There have been a number of instances where appropriate action against the abuse of collective dominance is denied because of this lacuna in the law. Recently, in Ashok Kumar Vallabhaneni v. Geetha SP Entertainment LLPthe CCI observed that the Act does not provide for this concept. According to the factual matrix, the defendants operating in Andhra Pradesh and Telangana conducted the business of movies production and distribution. The informant was denied of sufficient number of screens for his movie “Petta” by the defendant while other such movies were provided with more number of screens without giving any proper justification.  The informant alleged cartelization amongst the defendants due to which he was not provided with sufficient number of screens for his movie. Additionally, he also contended that the conduct of defendants not only adversely affected the competition in the market, but also had an appreciable adverse effect on the consumers/viewers. This alleged conduct would be violative of Section 3(3)(b) of the Act which talks about anti-competitive agreements/practices that limits or controls production. He further claimed that the defendant aimed at monopolising the film industry to prevent new entries in the market; consequently, the informant suffered a huge loss. Thus, it was alleged that the defendant violated Section 4 of the Act by limiting or restricting the Telugu film industry.

The CCI concluded that “what the Act under Section 4 contemplates is the abuse of dominant position by an enterprise or a group rather than abuse of a dominant position of collective dominance by more than one entity.” It also stated that there was no evidence of cartelization in the given case and the concept of collective dominance is still not recognized by the Indian competition law so far. Hence, it was observed that there was no violation of Section 3 and Section 4 of the Act by the defendants.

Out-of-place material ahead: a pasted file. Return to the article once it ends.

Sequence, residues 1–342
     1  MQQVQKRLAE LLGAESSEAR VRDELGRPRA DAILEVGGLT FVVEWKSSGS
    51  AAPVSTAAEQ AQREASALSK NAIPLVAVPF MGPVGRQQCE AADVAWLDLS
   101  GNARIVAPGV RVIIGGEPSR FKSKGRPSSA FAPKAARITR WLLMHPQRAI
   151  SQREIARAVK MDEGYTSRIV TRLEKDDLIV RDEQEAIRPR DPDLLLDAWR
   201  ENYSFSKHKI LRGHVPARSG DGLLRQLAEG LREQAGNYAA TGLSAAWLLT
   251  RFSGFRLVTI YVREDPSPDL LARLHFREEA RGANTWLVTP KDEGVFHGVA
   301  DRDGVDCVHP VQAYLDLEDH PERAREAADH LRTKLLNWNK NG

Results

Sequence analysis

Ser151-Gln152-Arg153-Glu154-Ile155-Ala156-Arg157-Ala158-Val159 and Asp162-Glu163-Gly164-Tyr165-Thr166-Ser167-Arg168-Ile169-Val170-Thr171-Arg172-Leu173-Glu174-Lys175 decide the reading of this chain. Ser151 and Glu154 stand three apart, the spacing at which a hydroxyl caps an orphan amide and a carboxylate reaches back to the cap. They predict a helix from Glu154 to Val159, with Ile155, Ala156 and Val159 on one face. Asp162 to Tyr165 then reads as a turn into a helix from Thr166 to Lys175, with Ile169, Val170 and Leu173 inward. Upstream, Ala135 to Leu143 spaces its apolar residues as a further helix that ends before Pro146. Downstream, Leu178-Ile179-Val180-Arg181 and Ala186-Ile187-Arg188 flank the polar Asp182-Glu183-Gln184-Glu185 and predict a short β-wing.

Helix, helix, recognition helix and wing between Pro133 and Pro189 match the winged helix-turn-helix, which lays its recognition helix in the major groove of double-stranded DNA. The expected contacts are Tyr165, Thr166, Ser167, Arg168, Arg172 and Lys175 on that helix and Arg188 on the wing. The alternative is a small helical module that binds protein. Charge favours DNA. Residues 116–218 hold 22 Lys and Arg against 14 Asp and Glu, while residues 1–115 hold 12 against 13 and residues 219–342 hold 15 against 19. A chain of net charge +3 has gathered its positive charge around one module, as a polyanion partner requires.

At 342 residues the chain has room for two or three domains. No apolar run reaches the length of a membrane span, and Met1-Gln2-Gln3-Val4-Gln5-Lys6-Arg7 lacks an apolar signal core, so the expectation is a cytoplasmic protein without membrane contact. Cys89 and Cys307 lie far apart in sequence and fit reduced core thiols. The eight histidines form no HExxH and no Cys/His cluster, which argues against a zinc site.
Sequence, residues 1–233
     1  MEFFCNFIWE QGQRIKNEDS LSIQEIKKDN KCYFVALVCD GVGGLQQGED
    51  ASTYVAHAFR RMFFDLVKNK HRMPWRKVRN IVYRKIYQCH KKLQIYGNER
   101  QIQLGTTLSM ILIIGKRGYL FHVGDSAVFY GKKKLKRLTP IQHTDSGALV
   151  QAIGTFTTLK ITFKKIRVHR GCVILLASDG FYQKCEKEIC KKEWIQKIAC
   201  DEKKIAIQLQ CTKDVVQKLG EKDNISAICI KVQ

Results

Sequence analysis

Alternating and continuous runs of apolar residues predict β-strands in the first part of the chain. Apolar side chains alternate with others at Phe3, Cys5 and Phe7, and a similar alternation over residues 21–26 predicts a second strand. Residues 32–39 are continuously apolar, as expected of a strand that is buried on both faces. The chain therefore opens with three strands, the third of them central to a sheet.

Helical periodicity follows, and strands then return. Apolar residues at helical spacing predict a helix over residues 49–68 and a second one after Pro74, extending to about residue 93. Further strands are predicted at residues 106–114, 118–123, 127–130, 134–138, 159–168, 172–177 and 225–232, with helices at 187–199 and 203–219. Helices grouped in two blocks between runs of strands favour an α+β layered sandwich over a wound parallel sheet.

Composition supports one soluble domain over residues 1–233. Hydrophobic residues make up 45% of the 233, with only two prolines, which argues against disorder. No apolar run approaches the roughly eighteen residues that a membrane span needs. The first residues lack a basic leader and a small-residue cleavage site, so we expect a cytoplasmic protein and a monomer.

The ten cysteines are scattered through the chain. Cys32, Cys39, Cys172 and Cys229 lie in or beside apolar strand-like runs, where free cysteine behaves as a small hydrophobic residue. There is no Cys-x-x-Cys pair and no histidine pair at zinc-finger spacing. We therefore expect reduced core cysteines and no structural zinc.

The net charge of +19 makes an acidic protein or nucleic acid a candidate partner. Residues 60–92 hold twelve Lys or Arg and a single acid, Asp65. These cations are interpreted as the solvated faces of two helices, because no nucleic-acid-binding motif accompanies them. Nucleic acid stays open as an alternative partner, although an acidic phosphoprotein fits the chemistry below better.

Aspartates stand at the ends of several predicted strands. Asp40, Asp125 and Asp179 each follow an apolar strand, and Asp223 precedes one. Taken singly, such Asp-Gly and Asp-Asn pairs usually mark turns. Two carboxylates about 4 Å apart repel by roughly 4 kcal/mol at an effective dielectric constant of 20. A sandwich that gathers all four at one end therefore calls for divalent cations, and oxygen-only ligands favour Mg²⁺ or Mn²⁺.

In 2009, the CCI in Niraj Malhotra v. Deutsche Post Bank Home Finance rejected alleged abuse of dominance by some banks and non-banking financial companies in the practice of charging uniform penalties on prepayments of mortgage loans. Since none of the banks or financial companies ‘individually’ held dominant position, Section 4 was held to be irrelevant. This case once again pointed towards the need to recognize collective dominance in the Act.

In Sanjeev Rao v. Andhra Pradesh Hire Purchase Association, where abuse of dominance was alleged against AP Hire Purchase Association and its 162 members, the CCI failed to penalize the parties due to absence of the concept of collective dominance in the Act. It was alleged that members who occupied 60% of the market were charging high interest. However, since the Act does not recognize collective abuse of dominance, the parties were not penalized. In 2013, the CCI again failed to recognize collective dominance in Shri Sonam Sharma v. Apple, Vodafone and Airtel. The need of recognition of collective dominance was once again felt in the case of Meru-Ola-Uber, where Meru alleged abuse of dominance by Ola in the taxi market of Bengaluru. The CCI ruled that Ola could not be said to be dominant individually as Uber was also a significant player in the market and that the existing law does not recognize such collective dominance.

Impediments in the recognition of collective dominance in India